Based on this conservative analysis, the team believes that the R-1234yf refrigerant is safe and effective to use in automotive applications.
WARRENDALE, Pa. (PRWEB) April 23, 2013
The SAE International Cooperative Research Project (CRP1234-4) team, formed last year to perform an updated engineering safety analysis of R-1234yf refrigerant, met during the SAE World Congress in Detroit. The team includes European, North American and Asian OEMs including Chrysler/Fiat, Ford, General Motors, Honda, Hyundai, Jaguar Land Rover, Mazda, PSA, Renault and Toyota.
The SAE CRP has carefully evaluated the extensive testing conducted by its members. The fault tree analysis was subsequently updated with regard to actual collision scenarios and is now complete pending final review. Based on this conservative analysis, the team believes that the R-1234yf refrigerant is safe and effective to use in automotive applications. The risk of passenger exposure to a vehicle fire associated with this refrigerant is exceptionally remote. This is consistent with the overall risk levels established by the original SAE CRP1234-3.
In September of 2012, Daimler announced that it had developed a new test method that demonstrated an additional risk of post-collision fires in vehicles using R-1234yf. In response, SAE CRP1234-4 was formed to further evaluate the safety of R-1234yf. All OEMs, including Daimler, were invited to participate. The SAE CRP team members have conducted numerous additional tests of various types to study ignition of an R-1234yf leak in a crash-damaged vehicle.
The SAE CRP team of OEMs has concluded that the refrigerant release testing conducted by Daimler is unrealistic and that it is not an appropriate test to verify the safety of refrigerant applications in vehicles. The Daimler testing did not include any actual vehicle collisions or the mitigating factors that occur in an actual collision. These factors include the quenching effect of front end compartment deformation, the extinguishing effect of steam released due to radiator breakage, and dispersion of the refrigerant from the condenser outside the engine compartment. Daimler’s refrigerant release apparatus and nozzle does not represent actual crash-damaged refrigerant lines, and was found to be artificial.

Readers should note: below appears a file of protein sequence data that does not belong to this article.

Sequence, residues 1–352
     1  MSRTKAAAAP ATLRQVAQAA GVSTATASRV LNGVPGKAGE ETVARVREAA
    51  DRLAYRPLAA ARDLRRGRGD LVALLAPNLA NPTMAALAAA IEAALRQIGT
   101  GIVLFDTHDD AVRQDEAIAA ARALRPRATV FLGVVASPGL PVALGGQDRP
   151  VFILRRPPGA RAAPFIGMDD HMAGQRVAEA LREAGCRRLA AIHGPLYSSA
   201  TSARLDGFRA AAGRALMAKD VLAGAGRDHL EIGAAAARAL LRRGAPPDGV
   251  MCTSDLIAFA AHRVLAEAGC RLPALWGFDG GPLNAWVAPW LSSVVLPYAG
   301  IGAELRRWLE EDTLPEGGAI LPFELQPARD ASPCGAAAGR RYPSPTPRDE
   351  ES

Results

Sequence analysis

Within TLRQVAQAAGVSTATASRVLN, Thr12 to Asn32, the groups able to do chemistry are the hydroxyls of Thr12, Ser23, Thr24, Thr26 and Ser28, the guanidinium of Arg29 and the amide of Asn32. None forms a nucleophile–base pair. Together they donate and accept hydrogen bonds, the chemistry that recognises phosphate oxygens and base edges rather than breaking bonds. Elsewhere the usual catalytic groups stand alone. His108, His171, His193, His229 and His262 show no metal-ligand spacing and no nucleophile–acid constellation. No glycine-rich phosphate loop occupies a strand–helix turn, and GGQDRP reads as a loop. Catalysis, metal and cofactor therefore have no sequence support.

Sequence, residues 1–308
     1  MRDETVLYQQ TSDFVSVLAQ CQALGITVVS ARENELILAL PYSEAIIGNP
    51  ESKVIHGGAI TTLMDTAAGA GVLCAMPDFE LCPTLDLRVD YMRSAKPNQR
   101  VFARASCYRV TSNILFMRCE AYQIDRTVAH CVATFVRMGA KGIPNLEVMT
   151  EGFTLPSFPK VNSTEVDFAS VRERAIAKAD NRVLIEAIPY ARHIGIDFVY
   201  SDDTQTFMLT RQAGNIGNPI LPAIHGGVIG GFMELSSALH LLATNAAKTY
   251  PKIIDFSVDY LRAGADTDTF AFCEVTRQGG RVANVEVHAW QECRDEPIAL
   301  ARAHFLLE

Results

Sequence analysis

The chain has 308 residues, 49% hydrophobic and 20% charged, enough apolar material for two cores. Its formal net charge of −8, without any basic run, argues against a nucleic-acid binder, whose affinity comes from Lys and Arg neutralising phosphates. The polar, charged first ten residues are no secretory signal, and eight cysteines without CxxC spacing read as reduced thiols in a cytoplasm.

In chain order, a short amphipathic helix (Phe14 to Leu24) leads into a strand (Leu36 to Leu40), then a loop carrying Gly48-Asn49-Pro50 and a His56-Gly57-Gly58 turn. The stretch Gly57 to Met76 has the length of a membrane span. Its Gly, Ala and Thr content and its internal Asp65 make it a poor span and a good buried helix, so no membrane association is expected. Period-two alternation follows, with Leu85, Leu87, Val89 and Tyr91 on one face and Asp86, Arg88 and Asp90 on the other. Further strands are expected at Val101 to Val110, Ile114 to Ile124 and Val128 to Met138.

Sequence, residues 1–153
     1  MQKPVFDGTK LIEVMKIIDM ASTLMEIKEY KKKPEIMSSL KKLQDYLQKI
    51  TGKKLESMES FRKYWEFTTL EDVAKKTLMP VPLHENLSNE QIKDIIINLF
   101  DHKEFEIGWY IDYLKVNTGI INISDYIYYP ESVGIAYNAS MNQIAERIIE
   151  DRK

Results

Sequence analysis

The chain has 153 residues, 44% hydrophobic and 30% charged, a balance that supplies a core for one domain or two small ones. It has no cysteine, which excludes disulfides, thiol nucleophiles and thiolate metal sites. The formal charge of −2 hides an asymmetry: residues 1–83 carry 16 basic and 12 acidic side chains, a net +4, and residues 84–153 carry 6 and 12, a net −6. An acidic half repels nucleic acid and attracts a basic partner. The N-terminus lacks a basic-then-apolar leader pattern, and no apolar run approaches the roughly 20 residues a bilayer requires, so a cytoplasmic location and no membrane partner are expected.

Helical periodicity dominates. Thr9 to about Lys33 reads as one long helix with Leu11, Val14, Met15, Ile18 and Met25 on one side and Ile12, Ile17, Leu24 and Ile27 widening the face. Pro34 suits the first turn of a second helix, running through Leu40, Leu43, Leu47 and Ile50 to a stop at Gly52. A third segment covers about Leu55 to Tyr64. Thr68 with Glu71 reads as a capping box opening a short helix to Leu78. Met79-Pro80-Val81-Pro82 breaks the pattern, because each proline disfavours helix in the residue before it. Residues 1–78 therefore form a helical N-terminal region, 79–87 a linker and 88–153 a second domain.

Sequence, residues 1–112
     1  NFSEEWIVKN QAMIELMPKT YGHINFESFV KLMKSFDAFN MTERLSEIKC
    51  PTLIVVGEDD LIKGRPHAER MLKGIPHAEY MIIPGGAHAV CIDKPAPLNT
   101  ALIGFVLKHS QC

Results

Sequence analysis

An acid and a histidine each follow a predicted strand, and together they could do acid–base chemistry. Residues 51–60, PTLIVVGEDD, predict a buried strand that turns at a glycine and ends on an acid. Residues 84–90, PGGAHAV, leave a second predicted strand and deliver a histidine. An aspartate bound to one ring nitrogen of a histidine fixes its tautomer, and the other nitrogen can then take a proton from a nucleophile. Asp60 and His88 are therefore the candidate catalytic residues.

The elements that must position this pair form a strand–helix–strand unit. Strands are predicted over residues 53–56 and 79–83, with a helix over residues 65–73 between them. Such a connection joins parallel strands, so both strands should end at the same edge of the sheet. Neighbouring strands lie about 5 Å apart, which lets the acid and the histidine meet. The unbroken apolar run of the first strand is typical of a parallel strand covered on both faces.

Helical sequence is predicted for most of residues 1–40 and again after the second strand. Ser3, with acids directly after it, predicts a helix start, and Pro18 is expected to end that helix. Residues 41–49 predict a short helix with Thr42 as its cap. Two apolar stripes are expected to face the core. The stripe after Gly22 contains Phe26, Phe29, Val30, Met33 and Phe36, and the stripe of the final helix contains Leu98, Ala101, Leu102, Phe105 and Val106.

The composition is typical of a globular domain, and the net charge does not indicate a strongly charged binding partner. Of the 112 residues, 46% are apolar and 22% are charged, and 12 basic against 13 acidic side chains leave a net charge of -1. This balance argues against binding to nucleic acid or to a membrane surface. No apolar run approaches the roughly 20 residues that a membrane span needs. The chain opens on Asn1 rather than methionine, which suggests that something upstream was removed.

Fault tree analysis, as conducted by the SAE CRP, is the most appropriate approach for evaluating risks of new alternative refrigerants. This approach has been recommended and employed by numerous public and private organizations, including the U.S. Environmental Protection Agency, the U.S. Department of Energy, the International Electrotechnical Commission, the European Union Joint Research Centre and the United Kingdom Health and Safety Executive.
The SAE CRP is currently finalizing its report and is targeting June 2013 for publication.
SAE International is a global association of more than 138,000 engineers and related technical experts in the aerospace, automotive and commercial-vehicle industries. SAE International's core competencies are life-long learning and voluntary consensus standards development. SAE International's charitable arm is the SAE Foundation, which supports many programs, including A World In Motion® and the Collegiate Design Series™.